Butchering grammar 5: Do you trust bad grammar or spelling?

That fake FaceBook post that caught so much attention recently only captured me for a second. Remember? It was the one telling us that the date for Marty McFly to zoom into the future in Back to the Future 2 had arrived. Turns out the date was wrong; that won’t happen for another three years in 2015.

What caught my attention wasn’t the bad date but the bad spelling. The word “arrives” was spelled wrong; it had only one “r.” Note to self: if I am going to try to pull off a hoax or spread an internet rumor, I should check my spelling and grammar first so I look more legitimate. Then again, if you are “brilliant” enough to want to waste your time on such a stunt, good spelling and grammar will not occur to you.

Sorry–did that sound judgmental?

Did you know that graGrammar saves livesmmar saves lives? This gem circulated FaceBook recently, and it makes me laugh every time I look at it. What a difference a comma makes!

If you want more of that, take a look at the book Eats, Shoots and Leaves. (Did you notice that I didn’t put a comma before the book title? More on that later.) The author tackles ridiculous grammar with humor. The title is even part of a bad grammar story.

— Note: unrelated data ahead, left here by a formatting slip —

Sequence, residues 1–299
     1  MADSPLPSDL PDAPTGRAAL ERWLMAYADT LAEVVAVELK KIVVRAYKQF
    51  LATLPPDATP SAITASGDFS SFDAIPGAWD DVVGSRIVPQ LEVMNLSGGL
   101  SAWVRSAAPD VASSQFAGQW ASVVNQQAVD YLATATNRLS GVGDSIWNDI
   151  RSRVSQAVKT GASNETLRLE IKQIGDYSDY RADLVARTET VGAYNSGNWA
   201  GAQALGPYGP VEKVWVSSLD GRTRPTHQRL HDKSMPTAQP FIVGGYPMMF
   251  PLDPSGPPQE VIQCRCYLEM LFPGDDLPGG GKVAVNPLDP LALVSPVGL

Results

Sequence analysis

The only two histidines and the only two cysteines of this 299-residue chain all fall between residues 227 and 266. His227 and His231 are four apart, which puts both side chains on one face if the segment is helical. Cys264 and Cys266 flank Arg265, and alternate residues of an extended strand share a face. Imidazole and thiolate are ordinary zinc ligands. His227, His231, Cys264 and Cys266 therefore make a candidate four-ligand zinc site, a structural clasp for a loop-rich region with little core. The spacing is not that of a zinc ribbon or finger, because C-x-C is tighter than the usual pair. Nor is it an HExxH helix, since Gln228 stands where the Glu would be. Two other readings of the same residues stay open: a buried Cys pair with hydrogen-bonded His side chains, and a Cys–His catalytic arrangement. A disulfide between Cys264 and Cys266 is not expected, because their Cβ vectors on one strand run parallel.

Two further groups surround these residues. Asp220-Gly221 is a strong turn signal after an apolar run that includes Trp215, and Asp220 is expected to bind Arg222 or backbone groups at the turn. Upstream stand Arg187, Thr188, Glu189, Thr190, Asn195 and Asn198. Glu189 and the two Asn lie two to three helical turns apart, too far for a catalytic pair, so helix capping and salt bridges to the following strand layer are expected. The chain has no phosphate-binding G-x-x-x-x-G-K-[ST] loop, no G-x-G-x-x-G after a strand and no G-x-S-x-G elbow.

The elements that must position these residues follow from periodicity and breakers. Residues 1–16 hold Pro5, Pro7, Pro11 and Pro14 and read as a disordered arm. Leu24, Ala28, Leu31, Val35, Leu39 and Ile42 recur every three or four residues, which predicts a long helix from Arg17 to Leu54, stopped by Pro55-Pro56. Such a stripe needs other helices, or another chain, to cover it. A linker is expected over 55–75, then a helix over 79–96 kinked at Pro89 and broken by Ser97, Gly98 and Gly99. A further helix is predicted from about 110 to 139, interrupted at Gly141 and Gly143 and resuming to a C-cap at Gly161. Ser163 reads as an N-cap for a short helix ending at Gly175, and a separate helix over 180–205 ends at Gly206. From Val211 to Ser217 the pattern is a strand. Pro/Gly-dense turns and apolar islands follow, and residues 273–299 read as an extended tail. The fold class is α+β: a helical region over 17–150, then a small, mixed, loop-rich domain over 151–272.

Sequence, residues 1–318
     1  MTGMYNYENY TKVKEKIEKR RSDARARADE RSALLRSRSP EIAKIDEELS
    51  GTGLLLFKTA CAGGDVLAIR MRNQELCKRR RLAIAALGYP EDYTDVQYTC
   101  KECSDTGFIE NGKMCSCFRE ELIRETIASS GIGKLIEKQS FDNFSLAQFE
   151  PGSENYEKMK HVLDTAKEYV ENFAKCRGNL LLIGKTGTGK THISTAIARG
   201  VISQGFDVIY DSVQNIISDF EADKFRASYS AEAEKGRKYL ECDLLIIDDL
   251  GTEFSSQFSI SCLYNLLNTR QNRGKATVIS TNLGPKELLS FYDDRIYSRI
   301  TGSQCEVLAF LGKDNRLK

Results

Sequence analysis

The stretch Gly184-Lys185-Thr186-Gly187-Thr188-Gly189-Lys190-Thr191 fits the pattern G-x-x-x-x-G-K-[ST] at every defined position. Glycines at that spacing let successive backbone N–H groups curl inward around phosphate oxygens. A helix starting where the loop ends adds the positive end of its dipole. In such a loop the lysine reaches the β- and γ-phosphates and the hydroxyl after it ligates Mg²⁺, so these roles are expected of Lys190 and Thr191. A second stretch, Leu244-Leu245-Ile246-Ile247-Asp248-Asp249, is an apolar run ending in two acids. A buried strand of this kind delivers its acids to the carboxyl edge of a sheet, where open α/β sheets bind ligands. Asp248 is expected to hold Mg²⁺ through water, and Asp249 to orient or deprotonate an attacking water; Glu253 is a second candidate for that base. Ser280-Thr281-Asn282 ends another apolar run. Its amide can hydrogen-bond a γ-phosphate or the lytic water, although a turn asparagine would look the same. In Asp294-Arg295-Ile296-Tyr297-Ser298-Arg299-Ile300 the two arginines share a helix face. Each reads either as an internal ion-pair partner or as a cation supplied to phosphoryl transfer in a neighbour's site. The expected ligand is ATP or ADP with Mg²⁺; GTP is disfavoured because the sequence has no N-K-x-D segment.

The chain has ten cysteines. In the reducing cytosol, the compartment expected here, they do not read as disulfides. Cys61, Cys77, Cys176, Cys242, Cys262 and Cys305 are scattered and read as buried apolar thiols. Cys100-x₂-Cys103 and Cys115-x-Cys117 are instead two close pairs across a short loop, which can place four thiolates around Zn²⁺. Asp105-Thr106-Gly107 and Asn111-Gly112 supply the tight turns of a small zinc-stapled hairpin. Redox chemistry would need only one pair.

This reminds me of a couple more comma errors made all too often. I see these in my students at times, but I also see them in blogs and news articles.

When you use a conjunction (and, but, or, so, etc.), you don’t always need to use a comma. Only use a comma when what follows the conjunction is an independent clause. In other words, what follows the conjunction could stand alone as its own sentence. For example, “I had the pork chops, but she enjoyed the spaghetti.” The comma goes BEFORE the conjunction, not after. What followed the conjunction was a complete sentence (or independent clause).

Try this one: “I loved the pork chops but hated the green beans.” What follows the conjunction (“hated the green beans”) is not an independent clause; it could not stand by itself as a sentence. There is no comma after the conjunction.

One more comma problem. See the book title above: Eats, Shoots and Leaves? I’m not going to give away the story that goes with that title; you should find the book and read about it. However, someone put a comma after “eats” in order to introduce what comes after. That’s wrong punctuation. Let me give you another example. “Samuel went to the store to buy, milk, eggs, and cheese.” Why is this poor comma having to be somewhere he shouldn’t? A comma does not introduce a list. A colon does, but not here. Why? The list is integrated into the sentence. Use the colon when it can introduce the list. “Here’s what Samuel got at the store: milk, eggs, and cheese.”

A few paragraphs above here I did not put a comma before the book title. That’s because the comma does not introduce the book title. There is no reason for it.

Almost all of my examples involve food today. Sorry about that. Happy writing; happy eating!


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